- (Received Pronunciation) IPA(key): /ə.ˈbɹiː/, /ɑ.ˈbɹi/, /æ.ˈbɹi/, /a.ˈbɹi/
- (US) IPA(key): /ə.ˈbɹi/, /ɑ.ˈbɹi/, /æ.ˈbɹi/, /a.ˈbɹi/
abri (plural abris)
- A shelter; a cavity in a hillside; a shelter on the side of hill with an overhung rock as its roof [First attested in the early 19th century.]
- ^ Philip Babcock Gove (editor), Webster's Third International Dictionary of the English Language, Unabridged (G. & C. Merriam Co., 1976 , ISBN 0-87779-101-5), page 6
- ^ Lesley Brown (editor), The Shorter Oxford English Dictionary, 5th edition (Oxford University Press, 2003 , ISBN 978-0-19-860575-7), page 8
From Middle French abri, from Old French abri (“a place where one is sheltered from the elements or harm”), from abrier (“to cover”), from Late Latin abrigare (“to cover, shelter”), from a- + brigare, from Frankish *berīhan (“to cover, protect”), from Proto-Germanic *bi- (“be-”) + *wrīhaną (“to cover, clothe”), from Proto-Indo-European *werḱ-, *werǵ- (“to twist, weave, tie together”). Cognate with Old High German birīhan (“to cover”), Old English bewrēon (“to cover, enwrap, protect”).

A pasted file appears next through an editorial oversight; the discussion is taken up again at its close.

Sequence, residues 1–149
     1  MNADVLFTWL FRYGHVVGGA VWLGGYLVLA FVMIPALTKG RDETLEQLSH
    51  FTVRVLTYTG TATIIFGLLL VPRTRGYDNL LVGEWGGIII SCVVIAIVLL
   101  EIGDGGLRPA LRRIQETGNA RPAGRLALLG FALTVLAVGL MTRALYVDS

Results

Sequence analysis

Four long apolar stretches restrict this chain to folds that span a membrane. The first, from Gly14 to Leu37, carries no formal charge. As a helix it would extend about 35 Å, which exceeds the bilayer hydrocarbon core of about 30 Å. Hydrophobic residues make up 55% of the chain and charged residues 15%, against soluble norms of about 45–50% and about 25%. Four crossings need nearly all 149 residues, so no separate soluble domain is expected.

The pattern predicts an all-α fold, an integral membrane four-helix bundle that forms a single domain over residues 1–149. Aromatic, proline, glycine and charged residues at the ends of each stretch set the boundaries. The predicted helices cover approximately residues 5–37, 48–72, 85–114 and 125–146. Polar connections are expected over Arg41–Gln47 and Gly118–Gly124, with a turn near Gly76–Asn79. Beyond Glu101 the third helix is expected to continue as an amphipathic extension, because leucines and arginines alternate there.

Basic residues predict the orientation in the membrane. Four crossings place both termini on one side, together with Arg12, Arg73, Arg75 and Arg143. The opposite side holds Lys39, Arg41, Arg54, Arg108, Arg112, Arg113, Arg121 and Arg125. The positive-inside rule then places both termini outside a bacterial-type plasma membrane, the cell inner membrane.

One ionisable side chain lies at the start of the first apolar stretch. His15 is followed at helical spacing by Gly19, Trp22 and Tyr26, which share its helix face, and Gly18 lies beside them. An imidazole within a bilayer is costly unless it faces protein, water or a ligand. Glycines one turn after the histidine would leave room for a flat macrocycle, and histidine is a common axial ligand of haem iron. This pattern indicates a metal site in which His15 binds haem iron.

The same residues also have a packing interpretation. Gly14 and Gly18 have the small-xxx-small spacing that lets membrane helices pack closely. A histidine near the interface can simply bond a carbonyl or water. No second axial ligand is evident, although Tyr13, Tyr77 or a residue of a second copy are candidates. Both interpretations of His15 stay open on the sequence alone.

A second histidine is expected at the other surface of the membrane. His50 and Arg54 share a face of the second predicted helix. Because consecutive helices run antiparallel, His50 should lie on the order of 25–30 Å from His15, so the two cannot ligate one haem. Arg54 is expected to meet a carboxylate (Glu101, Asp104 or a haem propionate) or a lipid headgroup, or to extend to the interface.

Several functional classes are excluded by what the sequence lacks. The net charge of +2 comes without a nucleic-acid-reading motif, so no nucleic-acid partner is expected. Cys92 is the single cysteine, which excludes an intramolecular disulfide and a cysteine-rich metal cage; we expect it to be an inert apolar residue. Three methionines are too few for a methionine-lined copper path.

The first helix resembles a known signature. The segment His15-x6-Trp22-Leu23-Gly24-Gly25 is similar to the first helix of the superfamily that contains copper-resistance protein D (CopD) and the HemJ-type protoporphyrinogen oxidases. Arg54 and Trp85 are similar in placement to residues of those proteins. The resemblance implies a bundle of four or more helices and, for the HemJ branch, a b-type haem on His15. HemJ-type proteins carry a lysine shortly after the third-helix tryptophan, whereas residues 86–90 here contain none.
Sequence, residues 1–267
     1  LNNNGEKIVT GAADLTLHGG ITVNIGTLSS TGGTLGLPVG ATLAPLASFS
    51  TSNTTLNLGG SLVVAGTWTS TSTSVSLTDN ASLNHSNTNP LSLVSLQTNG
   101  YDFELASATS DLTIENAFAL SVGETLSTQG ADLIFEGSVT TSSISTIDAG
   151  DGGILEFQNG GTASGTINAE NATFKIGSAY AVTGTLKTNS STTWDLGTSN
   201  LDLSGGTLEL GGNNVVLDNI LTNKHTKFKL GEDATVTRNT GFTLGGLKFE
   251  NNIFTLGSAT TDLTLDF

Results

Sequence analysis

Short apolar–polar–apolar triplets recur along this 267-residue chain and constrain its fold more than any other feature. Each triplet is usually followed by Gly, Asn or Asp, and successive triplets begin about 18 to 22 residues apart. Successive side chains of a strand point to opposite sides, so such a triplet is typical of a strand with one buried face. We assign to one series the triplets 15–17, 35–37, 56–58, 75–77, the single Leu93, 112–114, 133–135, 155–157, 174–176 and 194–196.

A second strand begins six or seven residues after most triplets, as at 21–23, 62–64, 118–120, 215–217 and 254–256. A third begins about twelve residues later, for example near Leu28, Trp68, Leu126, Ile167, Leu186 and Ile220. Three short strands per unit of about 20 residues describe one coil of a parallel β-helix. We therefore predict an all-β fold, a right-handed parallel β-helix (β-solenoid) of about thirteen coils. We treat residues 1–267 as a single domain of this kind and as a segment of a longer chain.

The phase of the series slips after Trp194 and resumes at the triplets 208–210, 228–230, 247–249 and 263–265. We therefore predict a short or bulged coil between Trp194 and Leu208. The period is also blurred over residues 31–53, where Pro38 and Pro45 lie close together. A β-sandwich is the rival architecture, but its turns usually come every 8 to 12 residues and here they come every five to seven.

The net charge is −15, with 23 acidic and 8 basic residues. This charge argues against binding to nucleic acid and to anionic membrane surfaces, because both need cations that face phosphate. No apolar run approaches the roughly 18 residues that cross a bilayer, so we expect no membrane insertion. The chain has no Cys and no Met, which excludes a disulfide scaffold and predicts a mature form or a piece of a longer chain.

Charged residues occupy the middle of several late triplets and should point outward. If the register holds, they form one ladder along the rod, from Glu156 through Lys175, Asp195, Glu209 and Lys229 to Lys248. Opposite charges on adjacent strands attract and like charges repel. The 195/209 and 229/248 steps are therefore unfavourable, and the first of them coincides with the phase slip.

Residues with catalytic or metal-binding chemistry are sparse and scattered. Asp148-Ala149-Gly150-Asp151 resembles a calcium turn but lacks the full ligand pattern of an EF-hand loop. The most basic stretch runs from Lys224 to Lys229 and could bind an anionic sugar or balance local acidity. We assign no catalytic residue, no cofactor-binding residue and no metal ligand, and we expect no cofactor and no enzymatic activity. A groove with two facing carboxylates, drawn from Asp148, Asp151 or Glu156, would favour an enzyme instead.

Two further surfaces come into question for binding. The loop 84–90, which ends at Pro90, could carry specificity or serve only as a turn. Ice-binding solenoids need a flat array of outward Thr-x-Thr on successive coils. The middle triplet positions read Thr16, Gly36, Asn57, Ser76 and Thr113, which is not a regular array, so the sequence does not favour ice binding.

Late Latin abrigare may have also crossed with Old Frankish *bergan (“to take care of, protect, hide”), from Proto-Germanic *berganą (“to care for”), from Proto-Indo-European *bʰergʰ- (“to take care”), due to similarity in form and meaning. If so, this would relate the word also to Old High German bergan (“to shelter”) (German bergen) and Old English beorgan (“to save, preserve”). More at borrow.
abri m (plural abris)
- ^ Diez, An etymological dictionary of the Romance languages; chiefly from the German, "Abrigo."
- shelter (physical protection from harm, harsh conditions, etc.)